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Ordinary Time: August 4th

Memorial of St. John Vianney, priest

Daily Readings for: August 04, 2014
(Readings on USCCB website)

Collect: Almighty and merciful God, who made the Priest Saint John Vianney wonderful in his pastoral zeal, grant, we pray, that through his intercession and example we may in charity win brothers and sisters for Christ and attain with them eternal glory. Through our Lord Jesus Christ, your Son, who lives and reigns with you in the unity of the Holy Spirit, one God, for ever and ever.

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Old Calendar: St. Dominic, confessor ; Other Titles: Cure de Ars

St. John Baptist Mary Vianney (1786-1859) was born in Dardilly and died in Ars, France. Although his talents were limited and his education meager, he was ordained a priest in 1815. After three years at Ecully, he was appointed parish priest of Ars. Here he spent almost forty-two years of his life, devoting himself to prayer, mortification, and pastoral works. His success in directing souls made him known throughout the Christian world. Men of all ranks and conditions of life sought his guidance and advice. He was beatified by Pope St. Pius X, himself once a parish priest, and canonized by Pope Pius XI.

According to the 1962 Missal of St. John XXIII the Extraordinary Form of the Roman Rite, today is the feast of St. Dominic. St. John Vianney's feast is on August 8. St. Dominic's feast in the Ordinary Form of the Roman Rite is celebrated on August 8.


St. John Vianney
During the French Revolution a small band of Ursuline nuns was imprisoned in the Bastille. To cheer her disconsolate companions, one of the group passed wheaten discs of bread, cut from the loaf of the daily rations, to memorialize the happy days when they were free and could receive Our Lord in Holy Communion. At that time all religious schools and churches were closed, and those who harbored priests were imprisoned.

At the Vianney farmhouse near Dardilly, France, fugitive priests were offered a refuge. Here their son was prepared in his tenth year for the reception of Holy Communion by a hunted priest.

While tending his father's sheep, John Vianney fashioned a small statue of Our Lady out of clay. He hid it in the hollow of an old tree with this petition: "Dear Lady Mary, I love you very much; you must bring Jesus back to His tabernacles very soon!"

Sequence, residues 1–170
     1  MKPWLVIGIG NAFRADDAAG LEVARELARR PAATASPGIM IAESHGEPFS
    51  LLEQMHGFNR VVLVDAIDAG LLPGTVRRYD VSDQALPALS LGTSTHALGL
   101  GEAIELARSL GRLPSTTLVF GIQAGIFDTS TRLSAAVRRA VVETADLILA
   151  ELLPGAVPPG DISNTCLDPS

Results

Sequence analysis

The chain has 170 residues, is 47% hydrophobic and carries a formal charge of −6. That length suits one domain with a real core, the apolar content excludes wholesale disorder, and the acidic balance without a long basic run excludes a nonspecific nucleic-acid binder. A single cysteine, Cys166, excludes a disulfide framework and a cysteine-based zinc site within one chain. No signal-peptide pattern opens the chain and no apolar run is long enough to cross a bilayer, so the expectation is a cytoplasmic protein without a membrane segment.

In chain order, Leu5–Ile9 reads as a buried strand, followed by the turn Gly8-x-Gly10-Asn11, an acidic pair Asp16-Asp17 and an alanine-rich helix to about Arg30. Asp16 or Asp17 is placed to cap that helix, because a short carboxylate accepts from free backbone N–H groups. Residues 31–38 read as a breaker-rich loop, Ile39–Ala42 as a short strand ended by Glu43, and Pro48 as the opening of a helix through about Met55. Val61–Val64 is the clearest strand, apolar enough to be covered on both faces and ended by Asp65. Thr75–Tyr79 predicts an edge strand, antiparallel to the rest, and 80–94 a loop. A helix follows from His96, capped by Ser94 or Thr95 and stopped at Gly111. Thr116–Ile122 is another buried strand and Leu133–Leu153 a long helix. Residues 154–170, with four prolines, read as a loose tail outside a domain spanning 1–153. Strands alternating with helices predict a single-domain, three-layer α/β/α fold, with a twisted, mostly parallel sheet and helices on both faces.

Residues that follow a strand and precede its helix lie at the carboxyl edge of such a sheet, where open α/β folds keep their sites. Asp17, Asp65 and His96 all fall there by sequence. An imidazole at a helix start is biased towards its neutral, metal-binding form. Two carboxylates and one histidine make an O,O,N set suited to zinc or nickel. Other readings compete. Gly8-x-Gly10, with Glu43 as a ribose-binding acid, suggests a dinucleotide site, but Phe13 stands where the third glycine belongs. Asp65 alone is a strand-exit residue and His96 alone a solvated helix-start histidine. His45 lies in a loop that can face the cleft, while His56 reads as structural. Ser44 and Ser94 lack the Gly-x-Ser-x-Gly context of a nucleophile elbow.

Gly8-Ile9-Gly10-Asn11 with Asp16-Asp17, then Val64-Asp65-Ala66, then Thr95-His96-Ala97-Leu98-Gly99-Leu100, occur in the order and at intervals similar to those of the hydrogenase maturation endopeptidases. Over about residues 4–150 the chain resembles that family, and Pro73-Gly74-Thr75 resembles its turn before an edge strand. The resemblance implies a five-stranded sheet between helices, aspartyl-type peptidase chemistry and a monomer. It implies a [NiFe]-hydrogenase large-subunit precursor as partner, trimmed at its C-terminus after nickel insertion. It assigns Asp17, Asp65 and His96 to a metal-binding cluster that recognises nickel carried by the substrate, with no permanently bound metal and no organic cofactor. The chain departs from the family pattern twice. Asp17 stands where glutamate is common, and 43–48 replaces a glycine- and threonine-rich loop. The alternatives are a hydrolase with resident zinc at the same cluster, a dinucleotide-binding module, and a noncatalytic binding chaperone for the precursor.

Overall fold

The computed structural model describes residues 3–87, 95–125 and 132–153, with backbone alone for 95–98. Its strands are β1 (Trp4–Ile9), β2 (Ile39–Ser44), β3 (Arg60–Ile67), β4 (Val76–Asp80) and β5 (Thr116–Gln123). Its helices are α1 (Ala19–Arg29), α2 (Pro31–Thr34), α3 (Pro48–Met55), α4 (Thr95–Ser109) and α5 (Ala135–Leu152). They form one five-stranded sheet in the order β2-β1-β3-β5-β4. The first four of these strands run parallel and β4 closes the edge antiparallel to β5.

On a visit to his aunt at Ecully, John listened to her praises of Father Balley, the parish priest, and he sought the Father's advice regarding his vocation to the priesthood. The pastor appraised the overgrown, awkward youth of faltering speech and devoid of general education. Though John was unable to answer the questions pertaining to earthly science which Father asked him, yet, when the priest put to him the questions of the catechism, his face became luminous with lively interest. He answered every question correctly, and in a manner beyond his years. The amazed pastor took this evidence as a sign from heaven, prophesying, "You will become a priest!"

The ensuing years brought many trials to John. He was conscripted; his mother died; he failed often in his studies. Ordained as a Mass priest, August 12, 1815, he remarked to Our Lady, Queen of the Clergy: "Here is your priest, O Blessed Mother! Stay close to me. Help me to be a good priest!"

As a curate and as a pastor, St. John Vianney's daily instruction on the catechism found an inspired audience, among whom were noted orators such as Père Lacordaire, O.P., the famed preacher of Notre Dame. The saintly pastor performed many miracles, but the greatest was his own manner of Eucharistic living. It was his Lord, living in Father Vianney, who made him "spend and be spent" in ceaseless service for both sinner and saint in the sacred tribunal of penance.

— Rev. Vincent F. Kienberger, O.P.

Patron: priests; confessors; Archdiocese of Dubuque, Iowa; diocese of Kansas City, Kansas.

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